Before Shaw's outburst Friday, he had pleaded guilty to three counts of aggravated assault and discharging a firearm at a moving vehicle during an incident in February near Reptile Gardens. Each felony carries a maximum penalty of 15 years in prison.

In that incident, Shaw, who was intoxicated, shot a stolen handgun at a vehicle traveling on U.S. Highway 16. The bullet passed through a passenger door before lodging in the vehicle’s console. Three people were in the vehicle.

As part of the plea agreement, Pennington County Deputy State’s Attorney Anthony Bolson asked Kern to give Shaw consecutive sentences totaling 50 years in prison.

In exchange for Shaw’s guilty pleas, prosecutors dismissed several felony charges that could have resulted in 229 years in prison.

Shaw carried a “serious juvenile history" into the courtroom, according to Bolson.

Shaw's earliest juvenile incident of note occurred in 2005, when at age 13, he was placed on probation for bringing a weapon to school. While a juvenile, Shaw went missing from the Department of Corrections’ supervision on four different occasions.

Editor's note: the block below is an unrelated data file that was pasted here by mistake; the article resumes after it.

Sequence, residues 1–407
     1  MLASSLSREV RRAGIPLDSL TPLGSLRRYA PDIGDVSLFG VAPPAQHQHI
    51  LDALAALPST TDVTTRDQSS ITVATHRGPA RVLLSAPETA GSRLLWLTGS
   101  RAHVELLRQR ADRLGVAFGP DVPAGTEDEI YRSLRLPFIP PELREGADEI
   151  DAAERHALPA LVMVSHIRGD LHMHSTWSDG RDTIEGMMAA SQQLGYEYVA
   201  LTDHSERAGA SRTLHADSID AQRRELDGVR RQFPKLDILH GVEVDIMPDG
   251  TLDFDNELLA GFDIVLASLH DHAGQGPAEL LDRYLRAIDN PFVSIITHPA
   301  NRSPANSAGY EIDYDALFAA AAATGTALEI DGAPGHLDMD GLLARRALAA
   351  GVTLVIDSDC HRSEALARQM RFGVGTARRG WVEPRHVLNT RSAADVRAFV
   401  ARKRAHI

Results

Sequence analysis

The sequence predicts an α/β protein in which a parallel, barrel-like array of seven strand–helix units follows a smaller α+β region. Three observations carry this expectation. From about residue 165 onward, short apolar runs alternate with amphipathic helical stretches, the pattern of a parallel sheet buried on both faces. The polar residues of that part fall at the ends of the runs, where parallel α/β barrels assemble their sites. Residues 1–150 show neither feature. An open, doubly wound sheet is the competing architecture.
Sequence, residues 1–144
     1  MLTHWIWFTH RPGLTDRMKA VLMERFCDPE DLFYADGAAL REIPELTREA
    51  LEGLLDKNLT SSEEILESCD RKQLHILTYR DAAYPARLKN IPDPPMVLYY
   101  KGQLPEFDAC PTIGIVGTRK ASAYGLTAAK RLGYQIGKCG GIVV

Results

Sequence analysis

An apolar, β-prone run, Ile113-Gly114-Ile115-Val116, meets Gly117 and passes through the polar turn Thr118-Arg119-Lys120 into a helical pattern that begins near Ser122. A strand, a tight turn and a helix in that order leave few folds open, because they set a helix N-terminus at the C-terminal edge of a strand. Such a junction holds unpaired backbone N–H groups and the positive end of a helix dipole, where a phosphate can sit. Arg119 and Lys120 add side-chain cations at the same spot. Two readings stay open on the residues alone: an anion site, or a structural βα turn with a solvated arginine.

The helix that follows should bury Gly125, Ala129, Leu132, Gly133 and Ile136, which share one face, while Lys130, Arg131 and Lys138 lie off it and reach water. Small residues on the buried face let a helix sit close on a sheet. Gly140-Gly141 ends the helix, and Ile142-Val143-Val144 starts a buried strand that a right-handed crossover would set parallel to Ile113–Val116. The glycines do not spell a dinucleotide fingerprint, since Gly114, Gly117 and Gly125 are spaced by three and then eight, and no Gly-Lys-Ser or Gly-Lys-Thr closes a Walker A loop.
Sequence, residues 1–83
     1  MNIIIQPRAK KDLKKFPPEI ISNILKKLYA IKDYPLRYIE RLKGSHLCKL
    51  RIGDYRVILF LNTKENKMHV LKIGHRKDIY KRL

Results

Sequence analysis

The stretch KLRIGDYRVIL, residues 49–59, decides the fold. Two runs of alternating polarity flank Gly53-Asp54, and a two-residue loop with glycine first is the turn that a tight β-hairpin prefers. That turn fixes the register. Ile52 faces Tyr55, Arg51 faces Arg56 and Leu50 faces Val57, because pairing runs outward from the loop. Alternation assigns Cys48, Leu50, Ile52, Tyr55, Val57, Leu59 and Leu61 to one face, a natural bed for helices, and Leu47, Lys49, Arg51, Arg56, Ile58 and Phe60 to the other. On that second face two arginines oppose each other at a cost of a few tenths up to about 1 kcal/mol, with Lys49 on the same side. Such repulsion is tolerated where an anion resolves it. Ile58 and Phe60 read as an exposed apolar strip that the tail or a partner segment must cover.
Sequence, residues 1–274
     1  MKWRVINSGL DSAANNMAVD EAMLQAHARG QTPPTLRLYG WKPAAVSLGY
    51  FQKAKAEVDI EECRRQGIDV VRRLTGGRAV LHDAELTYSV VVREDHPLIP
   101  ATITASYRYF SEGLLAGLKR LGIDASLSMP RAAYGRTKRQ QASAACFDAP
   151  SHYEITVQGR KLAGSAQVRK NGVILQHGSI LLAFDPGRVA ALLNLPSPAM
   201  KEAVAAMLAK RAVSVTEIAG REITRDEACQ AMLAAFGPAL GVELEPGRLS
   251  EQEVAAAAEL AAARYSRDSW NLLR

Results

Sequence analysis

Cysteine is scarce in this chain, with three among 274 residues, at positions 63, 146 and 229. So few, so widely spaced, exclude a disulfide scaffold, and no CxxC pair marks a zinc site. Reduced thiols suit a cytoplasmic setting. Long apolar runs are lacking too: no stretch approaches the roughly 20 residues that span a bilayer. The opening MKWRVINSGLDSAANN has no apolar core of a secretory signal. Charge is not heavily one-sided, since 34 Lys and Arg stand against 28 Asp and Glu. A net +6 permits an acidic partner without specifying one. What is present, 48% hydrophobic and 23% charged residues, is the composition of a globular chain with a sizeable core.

In January 2012, Shaw stole the handgun used in the shooting near Reptile Gardens from a Box Elder resident. Later in January, he used the stolen gun to shoot at a rival’s house, Bolson said.

“And then he went to settle a score at a local housing complex,” Bolson said of the string of incidents that preceded the Highway 16 shooting.

After shooting at the carload of people Feb. 1 near Reptile Gardens, Shaw assaulted his girlfriend, Bolson said.

In addition, Shaw was facing felony grand theft charges for breaking into vehicles and possible child pornography charges because photos of his minor girlfriend were found on his cell phone.

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Shaw has amassed a criminal history more common in a 50- or 60-year-old man, Bolson said during the sentencing.

Shaw’s attorney, Paul Brankin, asked Kern to consider his client’s age when sentencing him.

“A long incarceration won’t do him any good, and it’s not good for society,” he said.

Although Shaw apologized to the victims in the courtroom and appeared contrite when he spoke to the judge, Kern was not persuaded.

Throughout his time in her courtroom, Shaw had been “cocky, arrogant and rebellious,” Kern said.

Although his drug and alcohol addictions contributed to his behavior, his criminal history and conduct indicate that he is an extreme risk to the community, Kern said.

Kern’s sentence included three consecutive 15-year sentences for aggravated assault and a 15-year sentence with 10 years suspended for shooting at the vehicle. Shaw won’t be eligible for parole for 25 years.

Kern also assessed Shaw more than $18,000 in restitution.

“This kind of behavior cannot be tolerated in this society,” Kern said.

It isn't known if Shaw will face additional charges for Friday’s outburst.

[This story has been changed to reflect a correction. Shaw received four consecutive sentences 15-year sentences, with 10 years suspended.]

Contact Andrea Cook at 394-8423 or andrea.cook@rapidcityjournal.com